currentState.OnClick();
    }
}

Compare to the previous solution, this solution is nice, neat and clean. The MultiFunctionButton class only needs to tell its current state that “Hey, I just have been clicked!”, and let the state object handles the work itself, with the details that only the state object knows.

When the needs of adding new state arrive, the MultiFunctionButton class remains unchanged – you just need to add another state class derived from IState. Even better, the MultiFunctionButton class doesn’t even notice that there is a change. This means this part of your code is well decoupled, clean, and easy to maintain.

I then assign the MultiFunctionButton class’ OnClick method to the On Click event of the Canvas button, and let us see the result:

Final words

You might notice that I used a public variable in MultiFunctionButton class. This is not a good practice at all – I don’t like my variables being exposed nakedly without any protection, but in the scope of this blog (which is only for demonstrating an cool idea in my opinion), this is not harmful to me. In real problems, however, I highly recommend using a layer of protection to the variable, specially when it affects directly to the functionality of the object it belongs.

Finally, I am curious to hear what you think about this. If you find there can be any improvement to my solution, please don’t hesitate, just put it in the comment box.

Cheers,

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6 thoughts on “Create a multi-function button in Unity using State Design Pattern”

  1. Hi Giang, is there any different between State Pattern and Abstract Factory Pattern? And could you show me how the `Onclick` function of MultiFunctionButton can be handled because I don’t see anything else that decide which IState’s instance should be called in each situation?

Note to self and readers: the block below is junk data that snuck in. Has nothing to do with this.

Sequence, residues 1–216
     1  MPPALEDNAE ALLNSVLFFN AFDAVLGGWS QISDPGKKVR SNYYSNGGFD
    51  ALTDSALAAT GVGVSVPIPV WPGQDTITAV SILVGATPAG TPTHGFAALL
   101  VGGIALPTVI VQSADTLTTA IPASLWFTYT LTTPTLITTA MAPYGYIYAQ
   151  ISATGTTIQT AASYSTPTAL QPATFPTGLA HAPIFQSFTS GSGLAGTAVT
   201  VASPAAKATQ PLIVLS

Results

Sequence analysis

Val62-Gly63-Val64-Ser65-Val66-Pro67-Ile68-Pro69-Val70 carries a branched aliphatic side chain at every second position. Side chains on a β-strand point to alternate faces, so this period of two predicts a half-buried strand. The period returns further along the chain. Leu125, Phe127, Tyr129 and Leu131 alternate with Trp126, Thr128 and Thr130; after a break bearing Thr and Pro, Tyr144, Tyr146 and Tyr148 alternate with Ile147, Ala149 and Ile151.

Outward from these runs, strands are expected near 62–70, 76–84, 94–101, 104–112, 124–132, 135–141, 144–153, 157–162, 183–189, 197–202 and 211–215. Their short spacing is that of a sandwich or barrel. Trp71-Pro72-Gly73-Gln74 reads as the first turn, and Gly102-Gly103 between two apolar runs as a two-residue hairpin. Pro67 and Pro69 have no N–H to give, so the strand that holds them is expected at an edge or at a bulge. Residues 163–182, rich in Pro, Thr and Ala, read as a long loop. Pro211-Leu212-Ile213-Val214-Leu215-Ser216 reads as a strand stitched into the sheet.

1. Hi Nam,

      State Pattern is for handling objects; behaviors, while Abstract Factory Pattern helps to create them without knowing their details. That being said, these two patterns are for different purposes.

      As you can see in the Unity example, I used a dropdown for selecting options (Buy/Upgrade/Equip), and set the MultiFunctionButton.state variable directly (since it’s a public variable).

      As I stated above, I don’t like my variables being exposed to outside modifications, but this is simply a post for introducing an idea that I found interesting. In my real problem, there is no dropdown, nor public state variable, instead, I have supports from a data system to help me decide which type of state should I set to the button.

      Leave out all the details of how can I decide the button’s state, setting this variable is rather trivial:

      state = new EquipState();

      Have a nice day,

      1. Thank you for your quick and clear answer. I have a misunderstand about the purposes of these two patterns. And another question: how could I attach a code like you did in above comment? It looks so cool 😀

          1. Okay, I get it now. Thank you so much and looking forward for your upcoming interesting articles